Heart Health in 3-2-1

Three steps toward a healthy lipid panel and optimal cardiovascular health

by Emily Dickerson, ND

I am passionate about working with patients to optimize their health and to minimize their cardiovascular risk. I cannot emphasize enough the concept of “epigenetics”, meaning the interplay between our genetic predispositions and our environment. I want my patients and my community to know that each individual has control of their own cardiovascular destiny. A family history of cardiovascular disease does not predict the fate of an individual. Starting today, each and every one of you can start to decrease your cardiovascular risk, using these three simple steps.

  1. Exercise: Exercise is one of the best ways to improve your lipid panel and is essential to any cardiovascular health and wellness plan. Cardiovascular exercise increases HDL “good” cholesterol and decreases LDL “bad” and total cholesterol levels. My favorite forms of cardiovascular exercise include running, biking, and swimming, but if you have physical limitations, you can do whatever activity that gets your heart rate going.


  1. Fish oil: Supplementing with fish oil is essential for optimal cardiovascular wellness. Fish oil is high in omega 3 fatty acids, the anti-inflammatory fats that benefit brain health, heart health, and combat inflammation. Fish oil supplementation helps to lower LDL cholesterol and to increase HDL cholesterol. Two grams of fish oil per day will provide maximum anti-inflammatory benefit.


  1. Diet: Eat as many vegetables as you can! Vegetables are high in fiber, which is essential for helping us to eliminate excess lipids and cholesterol via the bowels. I recommend that my patients eat 7-10 servings of vegetables per day, which comes out to be ~75% of the diet in vegetables.

Cholesterol Ratio and Cardiovascular Risk:

Cardiovascular risk is predicted via the ratio of total cholesterol to HDL cholesterol. A ratio of less than or equal to 4.5 is considered to be very low risk for a cardiovascular event, while a ratio of less than 3 is considered to be virtually no risk for a cardiovascular event. As the HDL cholesterol increases or the total cholesterol decreases, the ratio improves. Triglycerides are another part of the lipid panel that I like to focus on, as they correlate with the amount of sugar and carbohydrates that an individual has been eating. Additional tests that can be indicative of cardiovascular risk are HsCRP (high sensitivity C-reactive protein), an indicator of inflammation, and LPa (lipoprotein a), a type of cholesterol associated with elevated risk for cardiovascular disease. These tests are incredibly useful because they reflect how the lifestyle modifications that we make can benefit our risk for a heart attack or stroke. These tests can be used as great motivation for improving overall health and wellbeing.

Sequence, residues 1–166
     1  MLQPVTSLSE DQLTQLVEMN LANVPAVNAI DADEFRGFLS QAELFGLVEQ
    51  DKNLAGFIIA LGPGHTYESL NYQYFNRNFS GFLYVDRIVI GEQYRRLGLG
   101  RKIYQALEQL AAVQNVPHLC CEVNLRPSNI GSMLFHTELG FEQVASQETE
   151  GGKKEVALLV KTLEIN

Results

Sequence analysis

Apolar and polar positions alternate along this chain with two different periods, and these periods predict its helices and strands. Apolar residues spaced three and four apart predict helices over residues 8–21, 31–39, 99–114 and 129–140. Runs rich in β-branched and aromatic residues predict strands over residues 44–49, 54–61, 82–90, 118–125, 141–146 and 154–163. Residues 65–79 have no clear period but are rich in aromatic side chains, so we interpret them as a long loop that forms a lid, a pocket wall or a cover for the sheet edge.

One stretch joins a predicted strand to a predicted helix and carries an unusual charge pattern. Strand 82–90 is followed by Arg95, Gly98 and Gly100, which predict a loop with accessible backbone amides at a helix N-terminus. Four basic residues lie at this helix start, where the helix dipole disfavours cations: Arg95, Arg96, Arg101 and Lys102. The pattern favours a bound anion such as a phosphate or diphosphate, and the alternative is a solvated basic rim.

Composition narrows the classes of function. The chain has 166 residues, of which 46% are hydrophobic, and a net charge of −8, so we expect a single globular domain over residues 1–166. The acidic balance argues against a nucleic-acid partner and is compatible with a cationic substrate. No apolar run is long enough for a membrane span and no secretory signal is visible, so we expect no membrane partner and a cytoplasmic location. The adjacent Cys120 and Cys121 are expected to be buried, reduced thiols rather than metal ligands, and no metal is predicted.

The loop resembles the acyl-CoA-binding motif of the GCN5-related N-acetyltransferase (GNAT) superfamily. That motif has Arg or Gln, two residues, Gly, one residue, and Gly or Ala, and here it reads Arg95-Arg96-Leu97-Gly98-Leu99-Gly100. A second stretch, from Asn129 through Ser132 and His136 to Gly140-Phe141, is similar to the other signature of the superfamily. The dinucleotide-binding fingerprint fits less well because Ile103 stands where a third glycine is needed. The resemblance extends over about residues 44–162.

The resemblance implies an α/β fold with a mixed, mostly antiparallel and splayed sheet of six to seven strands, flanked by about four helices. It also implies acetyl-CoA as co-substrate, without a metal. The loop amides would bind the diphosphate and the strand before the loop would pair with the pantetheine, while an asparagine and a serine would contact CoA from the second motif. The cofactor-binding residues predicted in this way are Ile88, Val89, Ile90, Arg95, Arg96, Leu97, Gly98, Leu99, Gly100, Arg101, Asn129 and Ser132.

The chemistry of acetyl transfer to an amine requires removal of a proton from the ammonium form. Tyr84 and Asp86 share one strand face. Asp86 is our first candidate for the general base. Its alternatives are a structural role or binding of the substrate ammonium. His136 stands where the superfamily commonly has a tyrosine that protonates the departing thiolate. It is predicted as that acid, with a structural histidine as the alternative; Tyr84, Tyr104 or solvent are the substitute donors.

Thyroid Health and Heart Health Risk:

An untreated thyroid condition can have a detrimental impact on heart health. The thyroid impacts the metabolism of every cell in the body and has immense effects on the heart. Did you know that hypothyroidism can cause abnormal lipid levels? Untreated hypothyroidism or even a single abnormal thyroid lab, such as Free T4, can be the cause of elevated cholesterol levels.

Familial Hypercholesterolemia:

If you have been diligent with all of the above lifestyle modifications, thyroid disorders have been ruled out, and your lipid levels are still abnormal, you may have familial hypercholesterolemia. Familial hypercholesterolemia is due to a genetic condition that prevents the body from removing LDL cholesterol from the blood. In this case, medication may be warranted. Statin medications, which can cause substantial side effects, are not the only option. Targeted nutraceutical supplements, when paired with a healthy lifestyle, can be very effective for decreasing cholesterol levels and improving cardiovascular risk.

Call Boise Natural Health Clinic at (208)338-0405 to schedule an office visit to help you achieve optimal health and to decrease your cardiovascular risk.